November 12, 2020

Intolerant of Intolerance

It must be 10 years ago or so that a member of my congregation – now an ex-member – was upset with me about a sermon I had preached. He said that his issue with it was that I was intolerant (how I dislike that word) of those who were bigots and haters. I sought to clarify – are you saying (I asked in my best pastoral voice) that you are upset that I am intolerant of intolerance? His answer? Exactly! I asked further (in a probably less pastoral voice) – so, if a Nazi came to church dressed like Adolf Hitler, I should welcome that person with open arms? He puzzled over this, and then (because he is a very intelligent guy) said, If we say all are welcome, shouldn’t a Nazi be welcome too? I had to take a minute with that. What did Jesus do in these situations? Was He ever intolerant of the intolerant?

In fact, He was. He didn’t attack them physically, but He did confront them and challenge their behavior. I think first of the man who was possessed by demons in Mark 5: Jesus spoke with this violent man, listened to what he needed, and then cured him by casting the demons out of the man into a herd of pigs, which then ran into the lake and drowned. This, of course, displeased the community, and Jesus left after He was asked to go away. This man wanted to go with Jesus, but Jesus sent him into his community as an evangelist to tell what had happened to him. He is the first evangelist in the Gospels.

I don’t want to go too deeply into this comparison, but there is something demonic about people who hold hateful views. I heard a professor/author from the University of Mississippi being interviewed yesterday, and he spoke of his confusion growing up. He didn’t understand why the white people in his community hated him and his family so much. He was respectful to them; he worked for them! – and in return, they legislated in ways that oppressed people of color. He was no threat to them, yet they did all they could to keep him and people like him from succeeding in life.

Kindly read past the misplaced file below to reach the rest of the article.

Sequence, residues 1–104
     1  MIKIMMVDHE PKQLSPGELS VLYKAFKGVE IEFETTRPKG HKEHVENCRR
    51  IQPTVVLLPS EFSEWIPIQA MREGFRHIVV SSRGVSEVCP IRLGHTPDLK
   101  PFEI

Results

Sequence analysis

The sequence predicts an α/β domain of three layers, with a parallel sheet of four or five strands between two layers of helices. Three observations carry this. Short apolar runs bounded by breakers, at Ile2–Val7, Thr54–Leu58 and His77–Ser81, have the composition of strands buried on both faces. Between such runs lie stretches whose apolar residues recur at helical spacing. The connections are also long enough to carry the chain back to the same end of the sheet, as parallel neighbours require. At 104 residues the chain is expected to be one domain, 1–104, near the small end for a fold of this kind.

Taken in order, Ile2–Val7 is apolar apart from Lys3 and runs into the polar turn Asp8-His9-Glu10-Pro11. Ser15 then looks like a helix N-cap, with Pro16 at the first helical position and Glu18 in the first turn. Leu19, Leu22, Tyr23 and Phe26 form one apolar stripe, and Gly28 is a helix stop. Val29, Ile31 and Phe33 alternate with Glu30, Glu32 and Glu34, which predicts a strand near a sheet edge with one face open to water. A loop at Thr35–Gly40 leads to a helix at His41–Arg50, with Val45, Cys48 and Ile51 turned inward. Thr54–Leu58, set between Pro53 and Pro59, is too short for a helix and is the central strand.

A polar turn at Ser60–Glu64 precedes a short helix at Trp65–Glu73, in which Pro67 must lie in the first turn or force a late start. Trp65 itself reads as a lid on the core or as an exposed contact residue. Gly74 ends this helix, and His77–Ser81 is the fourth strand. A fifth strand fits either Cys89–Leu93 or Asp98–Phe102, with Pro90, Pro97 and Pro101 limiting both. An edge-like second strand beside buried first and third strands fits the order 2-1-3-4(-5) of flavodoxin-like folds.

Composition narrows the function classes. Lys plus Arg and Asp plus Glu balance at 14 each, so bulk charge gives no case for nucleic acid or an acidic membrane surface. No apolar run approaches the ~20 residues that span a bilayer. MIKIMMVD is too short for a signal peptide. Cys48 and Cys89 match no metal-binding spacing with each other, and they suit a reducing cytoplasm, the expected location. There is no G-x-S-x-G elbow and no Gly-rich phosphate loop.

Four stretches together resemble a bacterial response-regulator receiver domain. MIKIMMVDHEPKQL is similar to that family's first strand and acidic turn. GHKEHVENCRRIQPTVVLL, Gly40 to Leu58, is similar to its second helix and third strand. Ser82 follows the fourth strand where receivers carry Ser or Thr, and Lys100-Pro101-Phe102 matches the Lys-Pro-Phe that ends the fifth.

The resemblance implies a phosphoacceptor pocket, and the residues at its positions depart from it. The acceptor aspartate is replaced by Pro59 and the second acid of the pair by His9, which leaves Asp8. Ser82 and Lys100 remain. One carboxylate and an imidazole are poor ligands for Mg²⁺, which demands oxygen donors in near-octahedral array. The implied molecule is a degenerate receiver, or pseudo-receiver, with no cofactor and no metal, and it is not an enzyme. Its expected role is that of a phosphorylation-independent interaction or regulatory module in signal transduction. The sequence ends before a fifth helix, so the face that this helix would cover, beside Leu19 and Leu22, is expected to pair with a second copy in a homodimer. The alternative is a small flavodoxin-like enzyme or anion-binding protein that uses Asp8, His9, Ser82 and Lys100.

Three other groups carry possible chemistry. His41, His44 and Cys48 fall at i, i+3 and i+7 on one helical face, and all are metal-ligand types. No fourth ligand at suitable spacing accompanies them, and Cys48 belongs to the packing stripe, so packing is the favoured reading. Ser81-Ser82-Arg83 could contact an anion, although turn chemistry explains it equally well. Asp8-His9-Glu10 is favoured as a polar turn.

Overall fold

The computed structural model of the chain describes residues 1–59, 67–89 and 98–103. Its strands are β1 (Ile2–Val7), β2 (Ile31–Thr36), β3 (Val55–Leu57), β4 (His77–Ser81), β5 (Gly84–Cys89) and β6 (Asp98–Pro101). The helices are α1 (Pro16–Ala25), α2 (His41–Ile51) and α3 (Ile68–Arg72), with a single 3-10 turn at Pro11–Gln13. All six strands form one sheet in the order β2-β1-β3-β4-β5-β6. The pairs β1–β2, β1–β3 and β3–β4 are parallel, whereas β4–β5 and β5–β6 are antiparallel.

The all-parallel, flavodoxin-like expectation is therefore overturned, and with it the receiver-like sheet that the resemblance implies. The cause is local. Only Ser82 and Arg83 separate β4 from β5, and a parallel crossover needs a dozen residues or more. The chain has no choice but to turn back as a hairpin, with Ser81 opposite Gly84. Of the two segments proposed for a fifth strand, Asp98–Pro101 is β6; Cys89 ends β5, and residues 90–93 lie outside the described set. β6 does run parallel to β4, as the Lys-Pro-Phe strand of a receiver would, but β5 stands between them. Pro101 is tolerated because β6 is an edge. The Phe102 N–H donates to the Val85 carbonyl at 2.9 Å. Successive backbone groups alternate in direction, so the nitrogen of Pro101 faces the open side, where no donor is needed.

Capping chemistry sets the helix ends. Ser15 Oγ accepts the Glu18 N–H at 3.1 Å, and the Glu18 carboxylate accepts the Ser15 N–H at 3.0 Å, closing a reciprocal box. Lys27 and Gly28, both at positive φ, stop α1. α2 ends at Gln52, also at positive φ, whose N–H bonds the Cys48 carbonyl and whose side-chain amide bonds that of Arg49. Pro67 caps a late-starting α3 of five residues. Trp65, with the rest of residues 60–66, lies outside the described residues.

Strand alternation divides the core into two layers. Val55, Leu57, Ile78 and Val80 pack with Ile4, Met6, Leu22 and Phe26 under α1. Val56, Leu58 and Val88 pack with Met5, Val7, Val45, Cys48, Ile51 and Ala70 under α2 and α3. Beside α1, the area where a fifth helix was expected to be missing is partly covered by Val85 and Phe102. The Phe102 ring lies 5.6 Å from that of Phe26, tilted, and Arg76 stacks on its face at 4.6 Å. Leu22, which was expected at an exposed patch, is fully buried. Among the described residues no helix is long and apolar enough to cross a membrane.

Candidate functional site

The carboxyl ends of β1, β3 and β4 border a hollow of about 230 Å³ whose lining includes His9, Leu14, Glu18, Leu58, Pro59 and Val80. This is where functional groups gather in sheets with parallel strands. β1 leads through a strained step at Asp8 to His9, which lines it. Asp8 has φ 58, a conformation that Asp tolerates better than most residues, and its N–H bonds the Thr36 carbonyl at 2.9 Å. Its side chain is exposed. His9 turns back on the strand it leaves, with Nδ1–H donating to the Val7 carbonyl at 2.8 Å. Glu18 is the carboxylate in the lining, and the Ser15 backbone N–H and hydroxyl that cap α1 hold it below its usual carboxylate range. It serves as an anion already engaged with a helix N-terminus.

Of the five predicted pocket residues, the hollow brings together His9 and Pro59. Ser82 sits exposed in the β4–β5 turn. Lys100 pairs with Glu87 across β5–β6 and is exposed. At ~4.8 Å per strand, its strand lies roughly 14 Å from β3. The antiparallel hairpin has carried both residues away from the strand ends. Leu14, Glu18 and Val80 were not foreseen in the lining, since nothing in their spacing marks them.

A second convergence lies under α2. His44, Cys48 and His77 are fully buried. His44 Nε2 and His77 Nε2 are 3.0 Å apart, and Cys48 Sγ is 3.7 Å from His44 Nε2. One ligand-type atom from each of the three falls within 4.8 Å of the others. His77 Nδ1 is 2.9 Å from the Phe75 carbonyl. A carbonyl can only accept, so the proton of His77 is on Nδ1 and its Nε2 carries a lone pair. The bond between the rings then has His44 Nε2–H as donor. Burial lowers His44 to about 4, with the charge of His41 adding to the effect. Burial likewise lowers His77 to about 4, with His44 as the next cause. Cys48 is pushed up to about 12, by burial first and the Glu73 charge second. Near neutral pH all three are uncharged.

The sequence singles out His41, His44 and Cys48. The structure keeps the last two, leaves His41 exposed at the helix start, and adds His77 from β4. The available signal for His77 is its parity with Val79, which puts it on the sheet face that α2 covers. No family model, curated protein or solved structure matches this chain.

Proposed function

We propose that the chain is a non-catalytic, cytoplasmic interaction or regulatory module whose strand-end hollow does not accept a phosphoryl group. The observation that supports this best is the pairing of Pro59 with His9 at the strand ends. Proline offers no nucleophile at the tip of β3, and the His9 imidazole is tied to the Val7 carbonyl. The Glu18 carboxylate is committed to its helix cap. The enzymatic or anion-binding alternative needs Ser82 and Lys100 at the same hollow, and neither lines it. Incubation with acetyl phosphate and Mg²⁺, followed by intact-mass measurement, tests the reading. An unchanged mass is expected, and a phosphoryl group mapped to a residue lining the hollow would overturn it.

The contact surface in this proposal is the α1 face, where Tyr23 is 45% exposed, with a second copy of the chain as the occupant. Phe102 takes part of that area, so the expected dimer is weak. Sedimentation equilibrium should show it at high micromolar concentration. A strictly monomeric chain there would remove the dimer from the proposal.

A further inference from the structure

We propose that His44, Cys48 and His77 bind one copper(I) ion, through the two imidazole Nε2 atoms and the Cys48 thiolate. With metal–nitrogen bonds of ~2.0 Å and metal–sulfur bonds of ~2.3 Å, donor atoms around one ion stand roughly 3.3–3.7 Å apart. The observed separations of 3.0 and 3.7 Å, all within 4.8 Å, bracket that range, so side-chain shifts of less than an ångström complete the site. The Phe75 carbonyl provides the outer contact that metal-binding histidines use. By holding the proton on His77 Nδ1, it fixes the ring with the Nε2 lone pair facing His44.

Jesus welcomed all to listen to Him, but He also called them to repent. We are all imperfect people, and we all sin, so we are all expected to confess those sins and seek to do better in life. A person who is a Nazi, or a White Supremacist, or a member of any kind of hate group, is, at least metaphorically, demon-possessed. And please understand: I am not the kind of person who goes around doing exorcisms. I am faith and fact-based person. So, while I believe that Jesus did what Mark 5 says He did, I do not see it in my life, and do not claim that kind of authority. I do believe, however, that evil exists in people’s hearts and minds, and that anyone who commits a violent crime or maliciously hurts people, is doing evil. It is not a far leap to believe that people like that are demonic and in need of healing in their souls.

So if a Nazi walks into our church and wants to participate, I will welcome that person to the altar to confess the evil in his/her heart. I will invite that person to atone for any evil and hateful behavior he or she has committed, and I will pronounce God’s forgiveness. If we believe that every person is created in the image and likeness of God, then we must believe that those who have embraced evil can be forgiven – if they have repented and atoned. If that Nazi, however, refuses to stop being a Nazi, I will ask that person to leave. The church must, at the same time, be forgiving of sin, and intolerant of intolerance. I think that is a Jesus thing to do – that is our job. We offer hope – and we protect each other from evil – just like the Lord’s Prayer says.

Prayer – Help us, O God, to remember the times we failed, so that we are able to be more forgiving. Also, encourage us to stand with those who have been victimized by hate. You have called us to pray for everyone. Amen.

Today’s art is called “Day of Acceptance” by Juli Cady Ryan.